He spent a lot of time on Bunim Murray’s third floor, where the focus is on series development, absorbing as much information as possible. “I got to have one-on-one’s with everyone to hear about their own journeys, find out how to put together documentaries, learn about getting grants and more,” he says.
But since the media business requires more than production skills, Mateo also made frequent visits to the company’s second floor, home to legal affairs, publishing and music.
“Even though those aren’t my fields of operation, I made sure to have meetings to find out what they do,” he says. “Because, in addition to being a director and producer, my dream is to start a production company.”
When he does, he intends to bring his friends in the field with him. “It’ll be our production company, where we’ll focus on telling stories that celebrate our shared humanity,” says Mateo, many of whose creative works have explored his own identity as a queer person and immigrant. Mateo is currently directing a documentary about the struggles of young LGBTQ+ people in Latin America, but he also plans to pursue scripted filmmaking. “I would love to create dramedies,” he says. But whether working in fact or fiction, he wants his films to be rooted in reality and mindful of different views.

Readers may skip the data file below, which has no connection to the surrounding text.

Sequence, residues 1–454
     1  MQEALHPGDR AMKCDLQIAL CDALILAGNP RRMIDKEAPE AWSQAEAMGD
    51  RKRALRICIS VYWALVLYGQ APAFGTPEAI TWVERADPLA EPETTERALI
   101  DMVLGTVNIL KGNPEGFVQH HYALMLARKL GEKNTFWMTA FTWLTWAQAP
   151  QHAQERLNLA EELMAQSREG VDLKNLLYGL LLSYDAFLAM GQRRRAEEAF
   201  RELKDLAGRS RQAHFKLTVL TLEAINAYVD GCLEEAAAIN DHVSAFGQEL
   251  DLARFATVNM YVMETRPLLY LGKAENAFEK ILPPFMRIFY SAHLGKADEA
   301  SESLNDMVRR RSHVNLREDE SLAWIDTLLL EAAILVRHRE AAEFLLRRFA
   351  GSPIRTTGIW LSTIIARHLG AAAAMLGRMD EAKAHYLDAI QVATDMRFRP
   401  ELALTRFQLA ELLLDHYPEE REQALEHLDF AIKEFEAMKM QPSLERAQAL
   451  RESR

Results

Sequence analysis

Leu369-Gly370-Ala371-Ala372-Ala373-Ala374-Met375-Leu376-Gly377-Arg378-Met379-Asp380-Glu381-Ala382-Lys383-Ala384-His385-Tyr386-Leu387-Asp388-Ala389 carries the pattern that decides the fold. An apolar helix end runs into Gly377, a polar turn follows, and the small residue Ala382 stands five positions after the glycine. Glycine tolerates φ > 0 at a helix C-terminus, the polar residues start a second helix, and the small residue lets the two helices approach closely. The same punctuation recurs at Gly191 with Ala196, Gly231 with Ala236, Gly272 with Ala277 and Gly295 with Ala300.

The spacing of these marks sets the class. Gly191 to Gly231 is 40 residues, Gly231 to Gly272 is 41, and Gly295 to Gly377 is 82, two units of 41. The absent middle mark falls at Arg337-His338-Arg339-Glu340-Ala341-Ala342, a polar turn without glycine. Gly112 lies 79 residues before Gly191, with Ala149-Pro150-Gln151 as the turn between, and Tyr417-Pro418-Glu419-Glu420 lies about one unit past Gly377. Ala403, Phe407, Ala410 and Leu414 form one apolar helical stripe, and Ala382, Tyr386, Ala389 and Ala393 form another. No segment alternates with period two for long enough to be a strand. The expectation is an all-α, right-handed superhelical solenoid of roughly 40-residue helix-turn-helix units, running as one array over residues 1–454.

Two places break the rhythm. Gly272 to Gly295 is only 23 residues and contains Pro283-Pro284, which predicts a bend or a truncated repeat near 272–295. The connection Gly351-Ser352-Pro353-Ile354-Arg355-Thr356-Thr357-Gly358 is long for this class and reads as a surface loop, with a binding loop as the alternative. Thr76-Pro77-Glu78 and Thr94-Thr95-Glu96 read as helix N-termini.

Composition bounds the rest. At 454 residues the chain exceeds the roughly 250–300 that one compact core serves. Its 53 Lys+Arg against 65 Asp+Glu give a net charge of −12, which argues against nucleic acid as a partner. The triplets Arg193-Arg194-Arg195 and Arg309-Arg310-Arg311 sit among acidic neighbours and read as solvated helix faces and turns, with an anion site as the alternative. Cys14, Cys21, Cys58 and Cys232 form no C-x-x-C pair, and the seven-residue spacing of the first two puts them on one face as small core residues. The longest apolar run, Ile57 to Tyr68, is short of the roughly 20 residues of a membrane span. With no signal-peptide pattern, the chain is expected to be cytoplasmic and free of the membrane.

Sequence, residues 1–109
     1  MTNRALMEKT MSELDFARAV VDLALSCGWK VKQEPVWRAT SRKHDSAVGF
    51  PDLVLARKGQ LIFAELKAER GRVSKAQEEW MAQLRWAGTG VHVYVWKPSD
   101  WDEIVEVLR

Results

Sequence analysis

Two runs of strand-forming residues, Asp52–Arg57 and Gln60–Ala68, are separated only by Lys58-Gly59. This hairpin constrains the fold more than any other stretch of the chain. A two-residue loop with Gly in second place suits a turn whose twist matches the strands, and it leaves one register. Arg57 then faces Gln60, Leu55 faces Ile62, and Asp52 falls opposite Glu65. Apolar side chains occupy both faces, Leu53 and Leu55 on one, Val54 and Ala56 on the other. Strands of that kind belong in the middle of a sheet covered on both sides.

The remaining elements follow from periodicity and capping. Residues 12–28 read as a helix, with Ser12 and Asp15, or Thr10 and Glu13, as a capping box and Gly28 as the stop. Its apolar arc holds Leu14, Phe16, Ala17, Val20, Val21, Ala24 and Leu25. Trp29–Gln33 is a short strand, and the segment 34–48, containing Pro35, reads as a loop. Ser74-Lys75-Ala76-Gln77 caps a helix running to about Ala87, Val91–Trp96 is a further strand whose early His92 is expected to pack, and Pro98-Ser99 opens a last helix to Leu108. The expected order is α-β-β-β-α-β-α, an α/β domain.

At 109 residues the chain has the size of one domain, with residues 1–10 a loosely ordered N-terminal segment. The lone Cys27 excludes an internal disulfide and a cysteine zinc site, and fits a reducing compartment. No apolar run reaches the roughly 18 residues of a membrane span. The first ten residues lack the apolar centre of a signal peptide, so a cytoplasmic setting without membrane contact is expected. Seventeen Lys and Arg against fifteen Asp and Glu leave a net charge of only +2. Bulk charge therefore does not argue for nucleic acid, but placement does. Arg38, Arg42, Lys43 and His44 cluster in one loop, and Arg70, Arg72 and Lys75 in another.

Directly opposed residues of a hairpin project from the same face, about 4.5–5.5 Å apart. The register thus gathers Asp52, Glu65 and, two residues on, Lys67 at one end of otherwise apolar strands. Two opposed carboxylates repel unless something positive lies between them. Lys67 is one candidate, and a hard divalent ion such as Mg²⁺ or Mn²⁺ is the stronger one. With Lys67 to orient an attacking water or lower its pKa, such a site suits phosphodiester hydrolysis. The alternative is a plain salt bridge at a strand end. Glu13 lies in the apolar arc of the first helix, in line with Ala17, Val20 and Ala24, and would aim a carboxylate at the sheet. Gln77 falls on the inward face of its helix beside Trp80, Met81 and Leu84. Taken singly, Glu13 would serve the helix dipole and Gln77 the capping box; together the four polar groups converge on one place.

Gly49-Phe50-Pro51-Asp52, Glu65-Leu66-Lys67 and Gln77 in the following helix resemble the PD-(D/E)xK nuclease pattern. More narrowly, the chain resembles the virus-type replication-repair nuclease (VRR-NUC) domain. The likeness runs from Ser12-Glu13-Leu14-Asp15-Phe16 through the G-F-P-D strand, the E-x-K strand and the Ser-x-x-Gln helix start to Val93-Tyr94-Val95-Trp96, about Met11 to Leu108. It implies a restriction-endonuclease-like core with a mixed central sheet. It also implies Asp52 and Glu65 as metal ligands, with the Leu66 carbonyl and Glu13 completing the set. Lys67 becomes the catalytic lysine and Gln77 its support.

“My challenge as a filmmaker is to create art that moves, questions and disrupts to make people reconsider their perspectives to see the other side,” he says, noting that his own views have been shaped by living in three countries.
Beats of Opportunity
At SMC, Mateo found the mentorship and support to take his skills to the next level.
“I was part of the Adelante Program, which was incredibly helpful,” he says. That support included pointing him toward
SMC CARE grants and other financial aid. Even more importantly, Adelante Counselor Paul Jimenez made sure that he positioned himself to transfer to UCLA.
“I didn’t even think that was a possibility,” Mateo says. “But Dr. Jimenez believed in me.” As a result, Mateo began classes at the highly selective UCLA School of Theater, Film and Television this fall.
Mateo’s talent and drive were again recognized when Apple’s Beats Academy selected him as one of just 15 young creators who earn a stipend while gaining production experience and tech industry exposure. The 10-week program, he says, provides “an exciting opportunity to further grow into my filmmaking skills.”
Since moving to Los Angeles and studying at SMC, Mateo has also built experience by directing short films as well as working as a digital imaging technician and unit photographer for movies and television. “Because of all the jobs I’ve had and the scholarships and grants I’ve been able to get, I feel very lucky and confident,” he says. He is also well on his way to becoming a U.S. citizen.
Mateo urges that young people wanting to become filmmakers not let nothing stand in their way and use whatever resources they have. “I made my first films on an iPhone,” he says. “The stories you tell are so much more important than the tools you use.”